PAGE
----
The sun rises and sunsets have been quite eye catching too, with the sky awash with bright shades of pink, purple, orange and blues.

Thursday 24 November 2016

Lacking Confidence as a Muslimah at Work

I recently asked colleagues for some 360 degree feedback. This involves my work peers rating me on a number of competencies such as leadership, team working and effective communication, alongside some feedback on what they think I do well and what I could do better. I got some really useful feedback from colleagues, but one person’s assessment really stood out. She mentioned lots of good qualities but suggested they were hidden because I came across as lacking in confidence and holding back in meetings and in front of managers. Her words rang true and it was painful to have a light held up to the flaws that have been plaguing me.

Over the last year I have been thinking a lot about what I want my next step to be at work. But whatever career path I think about, the same issues come up. I have guilt about leaving home to work in an environment with mixed genders. I have a number of friends that wear niqab and stay at home and disapprove of Muslim women working, I think over time, their stance and the things they say has affected me more deeply than I care to admit, with a lot of guilt and anxiety resulting from this.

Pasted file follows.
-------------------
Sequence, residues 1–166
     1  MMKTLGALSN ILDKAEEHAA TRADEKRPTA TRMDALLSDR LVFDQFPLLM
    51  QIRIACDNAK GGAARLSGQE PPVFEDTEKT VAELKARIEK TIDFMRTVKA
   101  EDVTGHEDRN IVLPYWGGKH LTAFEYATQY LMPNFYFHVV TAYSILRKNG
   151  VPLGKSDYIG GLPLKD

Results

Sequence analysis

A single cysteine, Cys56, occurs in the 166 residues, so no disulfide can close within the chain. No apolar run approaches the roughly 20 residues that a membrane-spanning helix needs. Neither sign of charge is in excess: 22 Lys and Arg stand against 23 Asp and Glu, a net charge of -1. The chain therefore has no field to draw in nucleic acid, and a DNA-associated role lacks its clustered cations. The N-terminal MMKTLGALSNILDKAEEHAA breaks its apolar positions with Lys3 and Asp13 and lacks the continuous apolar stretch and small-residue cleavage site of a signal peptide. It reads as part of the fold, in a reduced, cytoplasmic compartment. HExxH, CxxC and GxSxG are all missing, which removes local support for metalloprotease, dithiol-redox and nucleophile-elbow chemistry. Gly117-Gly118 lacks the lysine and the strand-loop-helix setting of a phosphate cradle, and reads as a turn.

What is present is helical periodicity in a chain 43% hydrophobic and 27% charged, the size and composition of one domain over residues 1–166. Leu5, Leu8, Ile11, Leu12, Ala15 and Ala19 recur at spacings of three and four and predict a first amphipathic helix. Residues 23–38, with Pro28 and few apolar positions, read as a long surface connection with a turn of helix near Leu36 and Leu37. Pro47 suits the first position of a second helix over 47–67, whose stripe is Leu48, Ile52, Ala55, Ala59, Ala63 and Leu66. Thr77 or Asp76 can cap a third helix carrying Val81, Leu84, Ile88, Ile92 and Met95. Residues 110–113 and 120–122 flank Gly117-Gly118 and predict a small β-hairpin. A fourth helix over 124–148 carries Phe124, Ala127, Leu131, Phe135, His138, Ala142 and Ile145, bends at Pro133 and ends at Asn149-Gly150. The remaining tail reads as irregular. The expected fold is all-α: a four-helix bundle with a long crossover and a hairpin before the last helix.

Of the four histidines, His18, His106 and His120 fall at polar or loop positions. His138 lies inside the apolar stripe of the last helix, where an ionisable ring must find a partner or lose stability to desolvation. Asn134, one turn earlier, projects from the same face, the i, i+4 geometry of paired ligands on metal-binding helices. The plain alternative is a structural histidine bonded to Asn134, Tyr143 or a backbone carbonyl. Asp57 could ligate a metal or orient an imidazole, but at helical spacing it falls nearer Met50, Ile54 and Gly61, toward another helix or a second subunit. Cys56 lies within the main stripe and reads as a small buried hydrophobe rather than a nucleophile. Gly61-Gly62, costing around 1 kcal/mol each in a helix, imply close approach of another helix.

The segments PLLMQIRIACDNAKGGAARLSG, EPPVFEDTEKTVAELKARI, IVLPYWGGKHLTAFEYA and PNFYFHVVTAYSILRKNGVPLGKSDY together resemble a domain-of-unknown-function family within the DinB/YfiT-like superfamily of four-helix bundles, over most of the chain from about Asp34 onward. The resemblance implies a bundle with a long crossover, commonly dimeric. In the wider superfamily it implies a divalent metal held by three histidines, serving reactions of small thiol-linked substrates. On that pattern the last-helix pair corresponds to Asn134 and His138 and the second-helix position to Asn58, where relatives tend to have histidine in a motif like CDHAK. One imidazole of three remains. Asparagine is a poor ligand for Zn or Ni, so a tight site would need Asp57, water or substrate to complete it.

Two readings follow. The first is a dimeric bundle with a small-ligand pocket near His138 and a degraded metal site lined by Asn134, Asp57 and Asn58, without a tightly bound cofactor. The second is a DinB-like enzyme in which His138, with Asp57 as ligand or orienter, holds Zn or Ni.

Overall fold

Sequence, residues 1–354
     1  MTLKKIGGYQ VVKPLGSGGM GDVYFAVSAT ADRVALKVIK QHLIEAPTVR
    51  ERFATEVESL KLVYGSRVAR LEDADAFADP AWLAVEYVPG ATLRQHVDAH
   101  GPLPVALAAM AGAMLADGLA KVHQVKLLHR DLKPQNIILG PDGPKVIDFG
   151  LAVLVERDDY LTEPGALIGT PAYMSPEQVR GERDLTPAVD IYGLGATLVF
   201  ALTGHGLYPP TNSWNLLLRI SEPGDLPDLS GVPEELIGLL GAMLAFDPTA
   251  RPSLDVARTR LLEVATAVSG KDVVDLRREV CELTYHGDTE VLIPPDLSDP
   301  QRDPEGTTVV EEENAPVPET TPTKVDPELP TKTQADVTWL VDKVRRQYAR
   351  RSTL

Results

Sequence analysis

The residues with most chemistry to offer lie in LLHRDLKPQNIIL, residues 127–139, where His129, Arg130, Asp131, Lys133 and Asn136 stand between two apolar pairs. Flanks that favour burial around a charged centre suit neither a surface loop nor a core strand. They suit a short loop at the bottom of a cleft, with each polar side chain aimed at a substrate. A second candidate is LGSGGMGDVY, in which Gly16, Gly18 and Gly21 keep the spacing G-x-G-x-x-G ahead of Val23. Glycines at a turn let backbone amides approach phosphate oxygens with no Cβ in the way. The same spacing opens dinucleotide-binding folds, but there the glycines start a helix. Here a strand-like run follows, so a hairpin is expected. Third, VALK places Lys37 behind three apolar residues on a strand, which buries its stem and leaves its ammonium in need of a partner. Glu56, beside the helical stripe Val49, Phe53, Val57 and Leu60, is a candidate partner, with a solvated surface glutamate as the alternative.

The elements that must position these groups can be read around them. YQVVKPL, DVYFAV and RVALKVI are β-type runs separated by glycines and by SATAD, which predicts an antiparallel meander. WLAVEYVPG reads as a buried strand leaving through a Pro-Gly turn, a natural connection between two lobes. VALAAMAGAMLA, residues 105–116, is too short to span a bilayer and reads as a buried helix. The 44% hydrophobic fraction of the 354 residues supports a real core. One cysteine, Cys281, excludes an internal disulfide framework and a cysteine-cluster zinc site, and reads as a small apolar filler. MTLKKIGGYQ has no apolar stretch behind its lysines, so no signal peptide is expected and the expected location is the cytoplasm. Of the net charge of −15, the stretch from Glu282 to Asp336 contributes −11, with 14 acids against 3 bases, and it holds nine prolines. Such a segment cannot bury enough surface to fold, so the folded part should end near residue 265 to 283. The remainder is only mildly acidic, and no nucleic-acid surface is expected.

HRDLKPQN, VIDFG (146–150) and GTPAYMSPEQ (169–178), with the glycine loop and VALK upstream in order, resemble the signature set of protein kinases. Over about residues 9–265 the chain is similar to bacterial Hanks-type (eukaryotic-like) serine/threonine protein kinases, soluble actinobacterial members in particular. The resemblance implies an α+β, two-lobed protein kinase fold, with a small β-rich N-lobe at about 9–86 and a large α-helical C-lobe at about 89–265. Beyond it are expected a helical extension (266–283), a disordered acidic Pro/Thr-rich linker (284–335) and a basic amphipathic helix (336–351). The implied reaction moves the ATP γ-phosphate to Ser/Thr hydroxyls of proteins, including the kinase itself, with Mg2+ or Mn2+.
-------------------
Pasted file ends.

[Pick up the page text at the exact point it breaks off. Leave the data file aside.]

I hate expending the energy that goes into trying to avoid shaking hands with men, trying to sit away from men, trying to go to a different site and decline a lift with a male manager or colleague (I always insist I will meet them there and take the train). I struggle with the effort of making wudhu at work and the worry when I have meetings through prayer time and I have to try and find time to get away and pray. 

These things have made me think long and hard about work. How can you strive to do well, when deep down you have doubts about whether you should even be there or whether you should be wearing niqab to be there? How can you network and speak up in meetings confidently when you spend time avoiding handshakes and physical contact and even end up hiding behind your monitor every time a manager comes by?

I decided a long time ago I would not chase money and make do with what I earn. I would try to do work that adds value in some way rather than chase promotions for financial gain. But I found over time, that the sense of ambition never went away. If I want to do something, I want to do it as well as I can. 

After months off anxiety and guilt building up, the feedback from my colleague, really brought all of these things to the fore for me and sent me into a tailspin all day. As always, writing has been the best way to deal with the anxiety and I have been emptying my mind of all of my thoughts into my journal to review. Some truths have been inescapable:

Staying at home would mean more time and concentration for ibadah (worship) – and isn’t that our purpose in this life?

Staying at home would mean a more measured and slower day and less exhaustion.

Staying at home would mean more time for myself and to do things I enjoy.